This design guide was created for Windows 7 and has not been updated for newer versions of Windows. Much of the guidance still applies in principle, but the presentation and examples do not reflect our current design guidance.

All Microsoft Windows applications should have a great touch experience. And creating such an experience is easier than you think.

Touch refers to using one or more fingers to provide input through a device display and interact with Windows and apps. A touch-optimized app has a UI and interaction model designed to accommodate the larger, less precise contact areas of touch, the various form factors of touch devices, and the many postures and grips users might adopt when using a touch device.

User interacting with tablet by using touch

Each input device has its strengths. The keyboard is best for text input and giving commands with minimal hand movement. The mouse is best for efficient, precise pointing. Touch is best for object manipulation and giving simple commands. A pen is best for freeform expression, as with handwriting and drawing.

Windows 8.1 is optimized for responsiveness, accuracy, and ease of use with touch while fully supporting traditional input methods (such as mouse, pen, and keyboard). The speed, accuracy, and tactile feedback that traditional input modes provide are familiar and appealing to many users and potentially better suited to specific interaction scenarios.

You can find guidelines related to mouse, pen, and accessibility in separate topics.

When you think about the interaction experience for your app:

Don't assume that if a UI works well for a mouse, it also works well for touch. While good mouse support is a start, a good touch experience has a few additional requirements.

Do assume that if a UI works well for a finger, it also works well for a pen. Making your app touchable goes a long way to also provide good pen support. The primary difference is that fingers have a blunter tip, so they need larger targets.

With touch, you can manipulate objects and UI directly, which makes for a quicker, more natural and engaging experience.

Provide a great touch experience

You should ensure users can perform critical and important tasks efficiently using touch input. However, specific app functionality, like text or pixel manipulation, might not be suitable for touch and can be reserved for the most suitable input device.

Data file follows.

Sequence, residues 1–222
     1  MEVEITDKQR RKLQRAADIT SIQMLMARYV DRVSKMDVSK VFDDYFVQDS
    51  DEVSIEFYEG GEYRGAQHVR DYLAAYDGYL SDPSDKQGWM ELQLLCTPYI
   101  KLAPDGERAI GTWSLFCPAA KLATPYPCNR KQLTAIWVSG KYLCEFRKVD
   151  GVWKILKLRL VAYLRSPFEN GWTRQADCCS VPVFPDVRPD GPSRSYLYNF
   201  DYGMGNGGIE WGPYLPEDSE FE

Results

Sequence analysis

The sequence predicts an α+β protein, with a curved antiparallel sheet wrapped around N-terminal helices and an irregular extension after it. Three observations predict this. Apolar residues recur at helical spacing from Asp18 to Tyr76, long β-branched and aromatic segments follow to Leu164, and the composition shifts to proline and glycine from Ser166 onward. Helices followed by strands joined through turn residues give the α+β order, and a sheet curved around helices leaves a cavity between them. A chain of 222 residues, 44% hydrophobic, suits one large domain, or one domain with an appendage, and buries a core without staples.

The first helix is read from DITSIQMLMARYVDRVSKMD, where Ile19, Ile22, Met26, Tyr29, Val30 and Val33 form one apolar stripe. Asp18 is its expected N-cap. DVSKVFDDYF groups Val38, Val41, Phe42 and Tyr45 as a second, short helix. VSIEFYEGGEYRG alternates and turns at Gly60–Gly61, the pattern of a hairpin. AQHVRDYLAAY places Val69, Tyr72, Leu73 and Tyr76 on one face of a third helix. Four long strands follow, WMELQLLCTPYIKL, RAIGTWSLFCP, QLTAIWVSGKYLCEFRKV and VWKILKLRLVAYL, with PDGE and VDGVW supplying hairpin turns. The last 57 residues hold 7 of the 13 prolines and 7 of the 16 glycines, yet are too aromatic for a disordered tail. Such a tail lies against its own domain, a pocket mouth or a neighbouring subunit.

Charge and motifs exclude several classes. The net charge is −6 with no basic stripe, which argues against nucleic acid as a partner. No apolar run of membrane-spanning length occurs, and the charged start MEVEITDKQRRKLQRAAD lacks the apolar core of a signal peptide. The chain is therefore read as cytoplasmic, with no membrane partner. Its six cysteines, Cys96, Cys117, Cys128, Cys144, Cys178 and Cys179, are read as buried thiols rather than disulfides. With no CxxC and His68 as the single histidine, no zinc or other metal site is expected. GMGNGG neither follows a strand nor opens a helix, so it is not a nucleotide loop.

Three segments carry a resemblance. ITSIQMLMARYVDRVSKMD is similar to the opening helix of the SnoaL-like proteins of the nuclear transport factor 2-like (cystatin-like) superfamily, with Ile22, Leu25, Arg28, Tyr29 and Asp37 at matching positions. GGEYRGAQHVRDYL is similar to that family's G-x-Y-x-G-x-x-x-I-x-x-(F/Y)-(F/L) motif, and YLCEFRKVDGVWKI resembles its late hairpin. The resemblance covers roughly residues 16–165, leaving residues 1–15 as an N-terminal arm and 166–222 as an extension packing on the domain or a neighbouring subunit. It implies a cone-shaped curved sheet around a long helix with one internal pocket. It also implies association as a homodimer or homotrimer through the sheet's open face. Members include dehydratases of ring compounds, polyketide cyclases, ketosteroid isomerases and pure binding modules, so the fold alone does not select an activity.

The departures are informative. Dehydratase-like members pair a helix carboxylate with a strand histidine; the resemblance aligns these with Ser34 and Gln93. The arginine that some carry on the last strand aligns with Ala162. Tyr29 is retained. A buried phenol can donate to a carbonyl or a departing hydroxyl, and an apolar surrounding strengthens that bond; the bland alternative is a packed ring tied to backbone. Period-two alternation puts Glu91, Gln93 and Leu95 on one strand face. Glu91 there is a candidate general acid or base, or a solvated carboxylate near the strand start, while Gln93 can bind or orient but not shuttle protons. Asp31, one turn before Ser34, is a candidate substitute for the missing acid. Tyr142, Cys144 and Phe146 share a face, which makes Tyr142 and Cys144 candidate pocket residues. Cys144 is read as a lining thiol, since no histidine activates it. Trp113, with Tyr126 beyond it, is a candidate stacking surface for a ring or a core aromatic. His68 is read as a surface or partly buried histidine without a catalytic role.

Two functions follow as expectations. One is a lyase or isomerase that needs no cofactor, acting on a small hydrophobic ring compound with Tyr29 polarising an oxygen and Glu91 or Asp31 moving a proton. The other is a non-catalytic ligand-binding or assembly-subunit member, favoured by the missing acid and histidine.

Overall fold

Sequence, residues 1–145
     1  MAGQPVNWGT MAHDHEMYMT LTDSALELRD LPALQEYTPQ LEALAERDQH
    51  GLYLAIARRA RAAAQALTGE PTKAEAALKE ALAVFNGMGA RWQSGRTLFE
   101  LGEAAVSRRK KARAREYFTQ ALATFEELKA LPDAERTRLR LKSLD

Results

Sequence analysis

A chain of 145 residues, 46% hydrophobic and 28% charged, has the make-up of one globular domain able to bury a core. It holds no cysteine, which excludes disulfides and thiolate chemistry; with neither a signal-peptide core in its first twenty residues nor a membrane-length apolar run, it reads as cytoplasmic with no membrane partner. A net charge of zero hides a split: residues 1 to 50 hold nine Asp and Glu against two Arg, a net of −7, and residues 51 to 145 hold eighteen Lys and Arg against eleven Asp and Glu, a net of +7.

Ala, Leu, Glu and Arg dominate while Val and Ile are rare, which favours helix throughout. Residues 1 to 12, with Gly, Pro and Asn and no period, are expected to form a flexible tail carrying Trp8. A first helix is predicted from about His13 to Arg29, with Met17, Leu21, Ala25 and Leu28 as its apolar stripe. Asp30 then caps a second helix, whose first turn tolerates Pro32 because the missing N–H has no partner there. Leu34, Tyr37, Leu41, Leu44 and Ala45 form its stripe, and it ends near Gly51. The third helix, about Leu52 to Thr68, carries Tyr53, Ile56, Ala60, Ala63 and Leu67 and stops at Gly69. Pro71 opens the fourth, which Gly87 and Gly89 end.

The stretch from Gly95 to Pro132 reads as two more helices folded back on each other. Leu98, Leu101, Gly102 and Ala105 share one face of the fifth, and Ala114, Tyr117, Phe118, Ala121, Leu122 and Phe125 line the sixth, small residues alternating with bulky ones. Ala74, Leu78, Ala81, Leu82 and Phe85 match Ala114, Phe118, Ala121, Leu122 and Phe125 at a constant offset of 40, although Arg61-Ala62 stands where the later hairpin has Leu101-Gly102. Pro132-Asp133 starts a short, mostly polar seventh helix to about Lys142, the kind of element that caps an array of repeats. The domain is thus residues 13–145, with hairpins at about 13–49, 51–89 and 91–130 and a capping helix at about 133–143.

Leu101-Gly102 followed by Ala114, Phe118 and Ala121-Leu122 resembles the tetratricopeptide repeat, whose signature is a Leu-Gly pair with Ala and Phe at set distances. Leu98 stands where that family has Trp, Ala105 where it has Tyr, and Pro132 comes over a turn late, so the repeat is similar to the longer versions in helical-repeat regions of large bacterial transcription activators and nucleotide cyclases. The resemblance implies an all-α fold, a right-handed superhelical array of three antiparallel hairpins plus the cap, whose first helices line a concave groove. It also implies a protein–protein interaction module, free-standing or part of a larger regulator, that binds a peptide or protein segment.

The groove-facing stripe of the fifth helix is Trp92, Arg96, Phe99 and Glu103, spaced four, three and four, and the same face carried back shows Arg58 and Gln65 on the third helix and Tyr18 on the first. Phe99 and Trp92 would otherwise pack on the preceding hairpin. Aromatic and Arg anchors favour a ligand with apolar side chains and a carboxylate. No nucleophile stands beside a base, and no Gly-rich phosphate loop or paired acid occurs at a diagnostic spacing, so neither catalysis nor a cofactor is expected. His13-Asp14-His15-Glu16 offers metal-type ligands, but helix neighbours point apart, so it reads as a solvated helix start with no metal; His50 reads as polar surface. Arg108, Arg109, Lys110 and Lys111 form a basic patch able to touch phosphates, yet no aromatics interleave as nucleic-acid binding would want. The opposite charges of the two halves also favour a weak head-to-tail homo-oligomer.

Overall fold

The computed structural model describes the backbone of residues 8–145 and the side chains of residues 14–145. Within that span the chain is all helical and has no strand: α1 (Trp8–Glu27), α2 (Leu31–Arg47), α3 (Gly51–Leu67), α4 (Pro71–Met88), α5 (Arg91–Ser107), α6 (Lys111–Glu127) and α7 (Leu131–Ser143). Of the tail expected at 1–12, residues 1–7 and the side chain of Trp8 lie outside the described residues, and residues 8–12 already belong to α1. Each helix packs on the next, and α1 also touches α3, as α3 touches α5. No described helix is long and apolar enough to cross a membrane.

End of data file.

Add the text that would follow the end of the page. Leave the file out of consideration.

If you don't have much experience developing touch apps, it's best to learn by doing. Get a touch-enabled computer, put the mouse and keyboard aside, and use only your fingers to interact with your app. If you have a tablet, experiment with holding it in different positions, such as on your lap, lying flat on a table, or in your arms while you're standing. Try using it in portrait and landscape orientation.

Touch-optimized apps that work best with touch interaction are typically:

  • Natural and intuitive. Interactions are designed to correspond to how users interact with objects in the real world.
  • Less intrusive. Using touch is silent, and consequently much less distracting than typing or clicking.
  • Portable. Touch devices are more compact because many tasks can be completed without a keyboard, mouse, pen, or touchpad. They're also more flexible because a work surface isn't required.
  • Direct and engaging. Touch makes you feel like you are directly manipulating objects on the screen.
  • Less accurate. Users can't target objects as accurately with touch, compared to a mouse or pen.

Touch provides a natural, real-world feel to interaction. Direct manipulation and animation complete this impression, by giving objects a realistic, dynamic motion and feedback. For example, consider a card game. Not only is it convenient and easy to drag cards using a finger, the experience takes on an engaging real-world feel when you can toss, glide, and spin the cards just like you would a physical deck. And when you try to move a card that can't be moved, it's a better experience to have the card resist but not prevent movement, and settle back in place when released, to clearly indicate that the action was recognized but can't be done.

Fortunately, if your app is already well designed, providing a great touch experience is easy to do. For this purpose, a well-designed program:

  • Ensures most important tasks can be performed efficiently using a finger (at least the tasks that don't involve a lot of typing or detailed pixel manipulation).
  • Uses large controls for touch. Common controls have a minimum size of 23x23 pixels (13x13 DLUs), and the most commonly used controls are at least 40x40 pixels (23x22 DLUs). To avoid unresponsive behavior, UI elements should have at least 5 pixels (3 DLUs) of space between them. For other controls, make sure they have at least a 23x23 pixel (13x13 DLU) click target, even if their static appearance is much smaller. See standard control sizing.
  • Supports Mouse input. The interactive controls have clear, visible affordances. Objects have standard behaviors for the standard mouse interactions (single and double left-click, right-click, drag, and hover).